Today, part 2 of an ongoing Twitter rant about the issue of comics creators allotting more “developmental time”—or “dev time,” in game-design speak—to their work. Last time, I detailed how too much “dev time” can, alas, be the proverbial devil’s candy for undisciplined sorts like myself. Now, onward:
One thing I’ve definitely noticed over the last decade or so is that I need much less preparation than I think I do before starting a story. Extreme example: When I began laying out a certain well-received Empowered one-shot, I hadn’t yet figured out the ending—but “broke” it by the time I was on page 12 of the layouts.
So, here’s my modern comic-creating credo: “Quit futzing around with developmental work and GET ON THE G-D COMIC PAGE IMMEDIATELY, DUMBASS.”
That advice? For lazy, shiftless creators like me, who’ll wheelspin for weeks if given the chance. Sternly disciplined creators? Ignore it. Then again, if you were that sternly disciplined a comics creator, you wouldn’t be wasting time online by reading this, would you?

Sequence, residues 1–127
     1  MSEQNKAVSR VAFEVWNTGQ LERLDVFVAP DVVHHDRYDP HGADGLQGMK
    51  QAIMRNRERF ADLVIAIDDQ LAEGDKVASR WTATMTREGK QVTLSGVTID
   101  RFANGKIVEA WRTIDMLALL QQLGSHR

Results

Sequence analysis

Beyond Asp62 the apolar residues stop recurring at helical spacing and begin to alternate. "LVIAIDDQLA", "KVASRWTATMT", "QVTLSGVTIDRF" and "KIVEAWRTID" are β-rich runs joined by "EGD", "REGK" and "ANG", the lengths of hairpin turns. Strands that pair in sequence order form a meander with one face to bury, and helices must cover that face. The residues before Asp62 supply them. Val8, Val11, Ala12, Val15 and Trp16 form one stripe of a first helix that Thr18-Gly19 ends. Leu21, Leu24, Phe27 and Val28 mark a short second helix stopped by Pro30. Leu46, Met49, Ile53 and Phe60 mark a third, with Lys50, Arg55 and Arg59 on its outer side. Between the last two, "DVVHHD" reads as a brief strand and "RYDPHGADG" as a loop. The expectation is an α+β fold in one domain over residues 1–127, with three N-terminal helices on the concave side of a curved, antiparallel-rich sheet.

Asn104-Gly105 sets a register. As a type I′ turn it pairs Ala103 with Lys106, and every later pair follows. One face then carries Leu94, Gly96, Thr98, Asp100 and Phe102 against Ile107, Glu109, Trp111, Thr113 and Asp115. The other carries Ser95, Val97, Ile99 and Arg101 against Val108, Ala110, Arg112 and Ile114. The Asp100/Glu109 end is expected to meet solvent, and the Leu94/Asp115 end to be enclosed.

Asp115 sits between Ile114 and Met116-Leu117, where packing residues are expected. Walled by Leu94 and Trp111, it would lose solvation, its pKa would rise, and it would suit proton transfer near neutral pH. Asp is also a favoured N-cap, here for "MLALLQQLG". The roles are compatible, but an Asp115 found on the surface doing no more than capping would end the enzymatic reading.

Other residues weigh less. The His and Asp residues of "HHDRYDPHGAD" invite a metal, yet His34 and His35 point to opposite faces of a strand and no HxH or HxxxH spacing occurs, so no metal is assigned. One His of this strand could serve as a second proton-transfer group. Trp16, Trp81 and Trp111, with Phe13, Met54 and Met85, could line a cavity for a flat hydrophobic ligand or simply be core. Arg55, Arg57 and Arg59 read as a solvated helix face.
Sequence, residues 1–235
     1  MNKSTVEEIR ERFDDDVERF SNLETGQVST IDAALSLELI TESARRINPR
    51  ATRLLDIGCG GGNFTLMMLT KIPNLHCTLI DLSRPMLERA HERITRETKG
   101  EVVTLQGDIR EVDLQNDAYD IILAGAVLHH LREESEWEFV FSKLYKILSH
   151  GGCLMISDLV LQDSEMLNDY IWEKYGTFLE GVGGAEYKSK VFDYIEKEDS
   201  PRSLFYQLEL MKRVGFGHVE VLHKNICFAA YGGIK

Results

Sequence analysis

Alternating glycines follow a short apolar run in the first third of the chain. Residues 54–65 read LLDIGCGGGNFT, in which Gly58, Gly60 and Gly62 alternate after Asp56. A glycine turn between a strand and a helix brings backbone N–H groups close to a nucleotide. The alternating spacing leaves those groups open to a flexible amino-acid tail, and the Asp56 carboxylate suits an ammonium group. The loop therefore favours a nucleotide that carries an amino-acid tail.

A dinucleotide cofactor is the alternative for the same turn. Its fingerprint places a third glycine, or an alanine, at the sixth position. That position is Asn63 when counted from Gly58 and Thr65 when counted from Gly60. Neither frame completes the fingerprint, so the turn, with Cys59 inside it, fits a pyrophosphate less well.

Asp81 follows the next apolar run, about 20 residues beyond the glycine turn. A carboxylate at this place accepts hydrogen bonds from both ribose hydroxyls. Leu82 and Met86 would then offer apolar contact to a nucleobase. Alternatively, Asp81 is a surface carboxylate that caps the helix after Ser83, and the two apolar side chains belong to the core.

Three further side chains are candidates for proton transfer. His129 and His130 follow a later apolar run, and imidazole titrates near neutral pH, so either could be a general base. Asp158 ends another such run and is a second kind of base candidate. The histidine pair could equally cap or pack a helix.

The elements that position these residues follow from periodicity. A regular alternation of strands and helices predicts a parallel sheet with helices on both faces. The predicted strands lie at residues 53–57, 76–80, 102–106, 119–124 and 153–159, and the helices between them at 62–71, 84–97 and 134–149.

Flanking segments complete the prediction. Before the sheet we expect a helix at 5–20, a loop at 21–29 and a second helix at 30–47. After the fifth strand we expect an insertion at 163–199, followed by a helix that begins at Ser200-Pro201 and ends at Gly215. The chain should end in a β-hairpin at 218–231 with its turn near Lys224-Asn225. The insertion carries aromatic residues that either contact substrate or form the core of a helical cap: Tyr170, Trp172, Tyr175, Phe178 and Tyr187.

I understand the idea behind wanting more “dev time” for comics work, given how many books could charitably be described as “undercooked.” I have my doubts, though, as to whether more time for developmental work would increase the quality of modern comics all that much. A lazy, unimaginative writer isn’t likely to become any less lazy and unimaginative if you give him a few extra weeks on a deadline. Most artists would love more generous deadlines, but many wouldn’t care much about allotting time for prepwork before starting their pages.
Ah, but I do think a particular form of “dev time” would be valuable for comics creation—but I wouldn’t allot it to preplanning or—ughh—“worldbuilding.” Rather, comics could be improved considerably if—in some magical alt universe—we could invest more “dev time” in the actual work stages.
What, exactly, do I mean by this? Find out in our next Empowered commentary, folks!